There’s a 2,000-year-old pipe, 18th century-painted robes and beaded designer shoes from 2011. 

Some curators might find it offensive if someone asked them to choose a few favorite works — well, actually, just two — from an exhibition they'd worked on for nearly five years. 

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Up To Date
12:49 pm
Wed September 17, 2014

Three Museum Directors On The New Plains Indians Art Exhibit At The Nelson

Museum directors (from left to right) Stéphane Martin, Julián Zugazagoitia, and Kevin Gover, talked to Up to Date host Steve Kraske.
Credit Beth Lipoff / KCUR

The exhibition The Plains Indians: Artists of Earth and Sky, now at the Nelson-Atkins Museum of Art in Kansas City, Mo., marks an international collaboration, years in the making. Three museums on two different continents, featuring nearly 140 objects from North American and European collections. 

Julián Zugazagoitia, director and CEO of the Nelson-Atkins, says this builds on a museum tradition, started in the 1970s with Sacred Circles, of bringing Native American artwork to a larger audience.

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Central Standard
12:48 pm
Mon September 15, 2014

Kansas City Artists Are Defining 'The State Of The Art'

Miki Baird, Kansas City, Mo. 'swatch...the weft and warp of red walker' (2010 - 2012)
Credit E.G. Schempf, courtesy of the artist and Haw Contemporary, Kansas City, Mo.

Curators from Crystal Bridges Museum of American Art in Bentonville, Ark., set out on a road trip to find the most compelling unknown artists hidden away in studios across the country. About a thousand studio visits later, artists had been selected for The State of the Art exhibitTwo Kansas City artists made the cut. 

Guests:

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Arts & Culture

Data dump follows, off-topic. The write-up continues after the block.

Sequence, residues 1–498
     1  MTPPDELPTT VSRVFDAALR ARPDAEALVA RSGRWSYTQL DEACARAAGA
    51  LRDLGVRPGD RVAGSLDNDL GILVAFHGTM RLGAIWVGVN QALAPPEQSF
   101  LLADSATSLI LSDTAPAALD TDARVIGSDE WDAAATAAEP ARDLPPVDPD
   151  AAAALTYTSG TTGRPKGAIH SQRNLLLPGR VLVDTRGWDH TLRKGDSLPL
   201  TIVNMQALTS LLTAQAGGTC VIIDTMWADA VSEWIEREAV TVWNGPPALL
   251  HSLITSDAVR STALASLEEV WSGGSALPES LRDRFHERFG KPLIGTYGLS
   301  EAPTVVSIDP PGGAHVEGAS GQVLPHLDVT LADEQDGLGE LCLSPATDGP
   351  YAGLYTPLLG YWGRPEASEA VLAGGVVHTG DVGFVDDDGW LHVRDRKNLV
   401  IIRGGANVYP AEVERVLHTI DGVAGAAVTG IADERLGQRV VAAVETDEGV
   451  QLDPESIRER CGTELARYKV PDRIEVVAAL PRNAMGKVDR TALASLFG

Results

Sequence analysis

8:00 am
Sat September 13, 2014

At New Fields, Sculptor Jake Balcom Kicks Around The Meaning Of Soccer

Kansas City artist Jake Balcom started installing "Triple Blome" at Swope Park's Soccer Village on Monday, Sept. 8.
CJ Janovy KCUR

The Kansas City Parks & Recreation Department celebrated the opening of Soccer Village on Friday. In addition to pristine practice fields with perfect synthetic grass and a natural-grass championship field with grandstands that seat 1,500 people, there’s also a sculpture, thanks to the city’s One Percent for Art Program.

The artist, Jake Balcom, installed the work last week with help from two friends, Spencer Schubert, also a local sculptor, and musician Brent Jamison.

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What Is That?
9:58 am
Wed September 10, 2014

The Story Behind The Giant Fiberglass Penguin At Kansas City's Penguin Park

The penguin at Penguin Park is made out of fiberglass, stands 25 feet tall and is almost 50 years old.
Suzanne Hogan KCUR

Driving around Kansas City’s Northland on Vivion Road, it’s kind of hard to miss Penguin Park. It has a way of sticking out – there’s a giant penguin standing in the center of it. But why is the penguin there? And where did it come from?